When we recently asked our staff members, "What are stores you simply don't shop at anymore?" Abercrombie & Fitch ranked top of the list. In our younger years the ubiquitous logos, purposely frayed edges and distressed denim felt cool; these days, the sexy-preppy aesthetic is much less our speed.
Unfortunately for Abercrombie, we're not the only ones feeling less than charmed by the retailer's signatures. In February, Abercrombie CEO Mike Jeffries announced plans to close 180 of its U.S. stores by 2015. More recently, on August 15, Jeffries released the brand's second quarter results and declared the numbers "disappointing and below our expectations." So what exactly is Abercrombie doing wrong?
In a recent piece in Business Week, reporter Sapna Maheshwari writes that Abercrombie is dishing out a product and image that simply doesn't appeal to its customers. Today's teens have no use for Abercrombie's formula of preppy uniformity and overt sexiness.
Kids these days favor something more unique, retail consultant Marcie Merriman tells Business Week: "They’ve developed a more individual style from exposure to fashion via the Web and social media." Wearing weathered graphic tees and polo shirts like all the other kids isn't as cool when the blogosphere is bursting with interesting, innovative style inspirations. Plus trends, like everything else, move faster these days -- Abercrombie is still selling essentially the same styles it did when we were teens.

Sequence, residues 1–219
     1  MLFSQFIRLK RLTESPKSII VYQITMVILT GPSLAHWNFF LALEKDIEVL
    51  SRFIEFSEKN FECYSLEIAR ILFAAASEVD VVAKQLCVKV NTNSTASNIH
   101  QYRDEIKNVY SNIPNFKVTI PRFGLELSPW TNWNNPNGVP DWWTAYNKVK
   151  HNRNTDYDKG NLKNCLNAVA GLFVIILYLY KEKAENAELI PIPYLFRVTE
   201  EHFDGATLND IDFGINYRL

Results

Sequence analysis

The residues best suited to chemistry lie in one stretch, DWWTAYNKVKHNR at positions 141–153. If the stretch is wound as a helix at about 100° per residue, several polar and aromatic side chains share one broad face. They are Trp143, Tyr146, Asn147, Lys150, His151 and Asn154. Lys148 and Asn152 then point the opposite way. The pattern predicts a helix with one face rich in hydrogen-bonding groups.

In addition the oversized half-naked models, so titillating when they first debuted, are no longer shocking nor appealing, reports Maheshwari. No matter the generation, teenagers seek out edginess and try to push boundaries and Abercrombie's implied nudity simply isn't edgy in 2012.
Thus A&F sales have fallen this year by as much as 10 percent. On the other hand, trend-seeker TJ Maxx and edgy Urban Outfitters both saw a rise in second quarter earnings. Abercrombie should take note.
Read more at BusinessWeek.com and sound off below: do you still shop at Abercrombie & Fitch?
What stores did we previously shop at that we haven't frequented in years?
"Everyone in my high school bought flared black pants and satin button-downs there (it was the '90s), but I haven't bought anything there since 2001." - Jessica Misener, HuffPost Style editor (Getty photo)
"I used to get all of my baby tees there in 1995." - Shana Ecker, Stylelist Home editor (Getty photo)
"Benetton in the 90s! Big sweaters for everyone... Diesel for a regrettable moment in the early 00s, then realized I looked like a European tourist everywhere I went, so that was shelved. And I used to stock up on tanks at American Apparel in 2004-5, and now the store looks like the wardrobe department for A Different World." - Brie Dyas, Stylelist/Stylelist Home senior editor (Getty photo)
"I used to loooove Limited Too, until I realized that not everything is made better with "LTD2" logos strewn all over it. Also, I grew." - Ellie Krupnick, HuffPost Style associate editor (Courtesy photo)
Abercrombie & Hollister
"In high school my friends and I were all about Hollister and Abercrombie. If you didn't wear it you might as well have crawled in a hole and died. So I was pretty much stocked up on seagull and moose donned polo shirts, plaid shorts and skirts." - Nicole Guzzardi, Stylelist Home intern
"I used to shop at French Connection until I realized that all of the clothes are cut for American Girl Dolls." - Rebecca Adams, HuffPost Style associate editor
"I loved it then, but I haven't set foot in a Wet Seal in over a decade." - Christina Anderson, Stylelist senior fashion editor